(Courtesy Photo)

By J. J. McQueen,
Special to the AFRO

In July of 2019, Thomas D. Zdon was involved in a motorcycle accident that resulted in the death of his wife, Sherry Zdon. They were hit head on by an oncoming vehicle near the Conowingo Dam. The crash caused the loss of Mr. Zdon’s left arm and left leg. 

On the same day there were two other passengers riding another single motorcycle that were critically injured, and spent weeks in hospitals.  

With little memory of the accident, Mr. Zdon and his family retained the services of a lawyer to gain access to documents needed for insurance purposes. Unsuccessful in finding useful information that would be of great help, Julie Zdon Sturek, sister of Mr. Zdon petitioned to have Sherry and Christopher’s Law to become legislation. 

Originally filed in 2021 under HB0668, and reintroduced as HB0007 in 2022, the bill is designed for those that cause accidents of this nature to appear in court. This would only apply to individuals who are charged with reckless or negligent driving. The bill would restrict these individuals from prepaying court fines if the reckless or negligent driving that contributed to an accident that results in the death of another person. 

Under the current law, a person is guilty of reckless driving if a motor vehicle is driven in (wanton- a cruel or violent action), or willful disregard for the safety of persons or property or in a manner that indicates a wanton or willful disregard for the safety of persons or property. A violation is a misdemeanor, subject to a maximum fine of $1,000. The Motor Vehicle Administration (MVA) is also required to assess six points against the driver’s license upon conviction for this offense. The District Court prepayment penalty, including court costs, is $510 for this offense.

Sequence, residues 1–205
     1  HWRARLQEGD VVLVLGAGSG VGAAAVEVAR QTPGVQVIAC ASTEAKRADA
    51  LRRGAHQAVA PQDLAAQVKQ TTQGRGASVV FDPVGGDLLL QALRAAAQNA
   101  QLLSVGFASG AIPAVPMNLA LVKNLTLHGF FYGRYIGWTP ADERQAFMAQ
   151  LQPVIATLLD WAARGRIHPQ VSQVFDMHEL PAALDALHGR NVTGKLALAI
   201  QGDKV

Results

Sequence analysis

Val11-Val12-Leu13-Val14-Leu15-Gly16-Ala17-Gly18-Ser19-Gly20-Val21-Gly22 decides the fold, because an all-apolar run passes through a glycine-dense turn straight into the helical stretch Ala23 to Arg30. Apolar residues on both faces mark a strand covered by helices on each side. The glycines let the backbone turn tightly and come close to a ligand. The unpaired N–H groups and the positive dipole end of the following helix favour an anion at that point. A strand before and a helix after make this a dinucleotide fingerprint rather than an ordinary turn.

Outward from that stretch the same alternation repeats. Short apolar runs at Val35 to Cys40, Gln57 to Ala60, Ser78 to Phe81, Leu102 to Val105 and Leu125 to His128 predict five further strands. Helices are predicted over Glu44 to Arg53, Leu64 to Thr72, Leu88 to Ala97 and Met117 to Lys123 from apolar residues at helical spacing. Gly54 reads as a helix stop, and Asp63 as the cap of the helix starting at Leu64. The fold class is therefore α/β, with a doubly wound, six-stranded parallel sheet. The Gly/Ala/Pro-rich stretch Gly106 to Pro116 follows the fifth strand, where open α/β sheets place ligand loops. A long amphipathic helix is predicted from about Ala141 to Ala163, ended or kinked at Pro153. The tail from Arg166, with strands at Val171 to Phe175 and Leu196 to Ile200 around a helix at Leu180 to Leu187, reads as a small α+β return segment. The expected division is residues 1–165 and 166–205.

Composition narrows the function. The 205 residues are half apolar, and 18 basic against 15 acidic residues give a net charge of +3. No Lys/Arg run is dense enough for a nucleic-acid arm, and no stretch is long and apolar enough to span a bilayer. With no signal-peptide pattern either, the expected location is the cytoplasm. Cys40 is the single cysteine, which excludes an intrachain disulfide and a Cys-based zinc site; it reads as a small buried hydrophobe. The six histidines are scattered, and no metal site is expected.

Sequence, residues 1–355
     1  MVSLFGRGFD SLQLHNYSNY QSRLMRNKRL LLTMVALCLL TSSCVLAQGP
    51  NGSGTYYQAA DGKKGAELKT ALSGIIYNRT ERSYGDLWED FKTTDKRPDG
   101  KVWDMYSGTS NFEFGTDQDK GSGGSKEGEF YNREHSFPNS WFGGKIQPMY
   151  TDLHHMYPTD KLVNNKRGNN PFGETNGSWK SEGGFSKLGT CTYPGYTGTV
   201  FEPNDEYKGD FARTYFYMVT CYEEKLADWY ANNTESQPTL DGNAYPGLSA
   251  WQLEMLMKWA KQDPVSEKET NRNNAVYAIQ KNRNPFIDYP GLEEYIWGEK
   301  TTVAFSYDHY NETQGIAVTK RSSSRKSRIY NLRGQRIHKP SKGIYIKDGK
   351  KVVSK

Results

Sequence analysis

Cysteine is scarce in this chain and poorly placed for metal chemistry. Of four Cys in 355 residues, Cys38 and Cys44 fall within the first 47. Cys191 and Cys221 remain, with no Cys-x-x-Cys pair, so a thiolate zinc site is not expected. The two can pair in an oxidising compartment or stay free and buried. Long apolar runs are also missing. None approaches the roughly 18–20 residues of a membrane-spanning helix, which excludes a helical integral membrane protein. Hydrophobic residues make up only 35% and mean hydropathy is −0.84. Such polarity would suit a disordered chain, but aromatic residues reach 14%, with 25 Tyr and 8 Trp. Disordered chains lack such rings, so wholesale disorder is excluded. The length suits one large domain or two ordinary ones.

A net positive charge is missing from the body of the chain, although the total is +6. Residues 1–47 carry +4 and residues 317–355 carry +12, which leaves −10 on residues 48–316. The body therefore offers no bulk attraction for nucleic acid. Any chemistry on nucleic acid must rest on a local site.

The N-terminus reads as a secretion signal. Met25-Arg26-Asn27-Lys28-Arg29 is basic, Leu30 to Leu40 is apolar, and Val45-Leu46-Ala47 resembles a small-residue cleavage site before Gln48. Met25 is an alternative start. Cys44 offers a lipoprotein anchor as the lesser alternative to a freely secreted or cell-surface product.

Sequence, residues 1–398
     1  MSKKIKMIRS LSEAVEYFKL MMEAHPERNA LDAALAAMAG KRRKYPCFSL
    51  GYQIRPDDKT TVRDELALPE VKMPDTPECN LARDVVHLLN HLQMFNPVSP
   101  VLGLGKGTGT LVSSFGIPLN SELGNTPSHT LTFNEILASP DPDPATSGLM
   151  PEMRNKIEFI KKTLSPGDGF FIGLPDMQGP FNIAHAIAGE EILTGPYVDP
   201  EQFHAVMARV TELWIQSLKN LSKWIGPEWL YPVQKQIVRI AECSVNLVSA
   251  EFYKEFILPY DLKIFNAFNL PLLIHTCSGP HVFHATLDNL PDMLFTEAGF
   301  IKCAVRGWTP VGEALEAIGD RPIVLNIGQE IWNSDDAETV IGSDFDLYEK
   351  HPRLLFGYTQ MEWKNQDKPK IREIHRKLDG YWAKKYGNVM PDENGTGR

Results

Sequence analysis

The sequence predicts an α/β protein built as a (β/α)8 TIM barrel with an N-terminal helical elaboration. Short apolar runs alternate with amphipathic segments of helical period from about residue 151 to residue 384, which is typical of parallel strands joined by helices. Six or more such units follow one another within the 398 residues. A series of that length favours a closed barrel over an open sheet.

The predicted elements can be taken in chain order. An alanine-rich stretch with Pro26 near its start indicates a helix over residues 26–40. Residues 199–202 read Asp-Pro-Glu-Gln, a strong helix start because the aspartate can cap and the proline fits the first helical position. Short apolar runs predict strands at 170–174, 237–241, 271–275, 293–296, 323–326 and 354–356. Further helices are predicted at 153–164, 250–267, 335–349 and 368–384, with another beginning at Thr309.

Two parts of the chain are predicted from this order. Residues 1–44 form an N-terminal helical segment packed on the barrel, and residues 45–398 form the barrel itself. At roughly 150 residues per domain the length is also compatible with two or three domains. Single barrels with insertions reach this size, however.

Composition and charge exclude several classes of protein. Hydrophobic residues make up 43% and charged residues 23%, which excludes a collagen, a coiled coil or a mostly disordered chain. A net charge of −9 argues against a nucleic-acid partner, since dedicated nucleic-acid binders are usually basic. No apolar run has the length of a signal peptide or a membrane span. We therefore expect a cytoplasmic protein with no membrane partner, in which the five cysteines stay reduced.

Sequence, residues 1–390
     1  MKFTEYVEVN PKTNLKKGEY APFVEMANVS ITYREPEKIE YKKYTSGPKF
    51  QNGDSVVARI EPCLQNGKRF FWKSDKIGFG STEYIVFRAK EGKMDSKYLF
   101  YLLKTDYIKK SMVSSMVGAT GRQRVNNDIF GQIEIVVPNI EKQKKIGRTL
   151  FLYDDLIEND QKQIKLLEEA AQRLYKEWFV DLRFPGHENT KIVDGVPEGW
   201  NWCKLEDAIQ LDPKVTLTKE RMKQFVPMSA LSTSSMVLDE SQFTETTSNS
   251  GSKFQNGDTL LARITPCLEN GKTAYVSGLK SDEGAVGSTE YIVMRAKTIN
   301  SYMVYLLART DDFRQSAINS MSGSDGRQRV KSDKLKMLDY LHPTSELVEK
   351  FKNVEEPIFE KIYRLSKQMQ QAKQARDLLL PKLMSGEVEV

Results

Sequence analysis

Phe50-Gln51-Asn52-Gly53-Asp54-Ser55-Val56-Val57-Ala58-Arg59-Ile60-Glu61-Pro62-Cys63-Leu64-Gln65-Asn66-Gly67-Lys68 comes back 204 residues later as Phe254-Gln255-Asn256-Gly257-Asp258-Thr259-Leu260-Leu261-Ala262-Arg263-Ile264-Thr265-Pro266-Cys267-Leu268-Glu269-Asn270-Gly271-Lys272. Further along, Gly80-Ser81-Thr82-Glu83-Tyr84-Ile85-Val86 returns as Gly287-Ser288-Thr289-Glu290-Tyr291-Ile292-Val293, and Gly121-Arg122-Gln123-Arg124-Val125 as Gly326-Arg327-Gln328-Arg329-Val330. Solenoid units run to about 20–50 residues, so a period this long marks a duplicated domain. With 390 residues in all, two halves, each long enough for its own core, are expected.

A person is guilty of negligent driving if the motor vehicle is driven in a careless or imprudent manner that endangers any property or the life or safety of any individual. This violation is a misdemeanor, subject to a maximum fine of $500. Upon conviction, MVA must assess one point against the driver’s license, or three points if the offense contributes to an accident. The District Court assesses a prepayment penalty of $240 for this offense or $280 if the offense contributes to an accident. If HB0007 is approved, the level of accountability for those who cause unjust harm to innocent drivers will receive more intense punishments.

Help us Continue to tell OUR Story and join the AFRO family as a member – subscribers are now members!  Join here!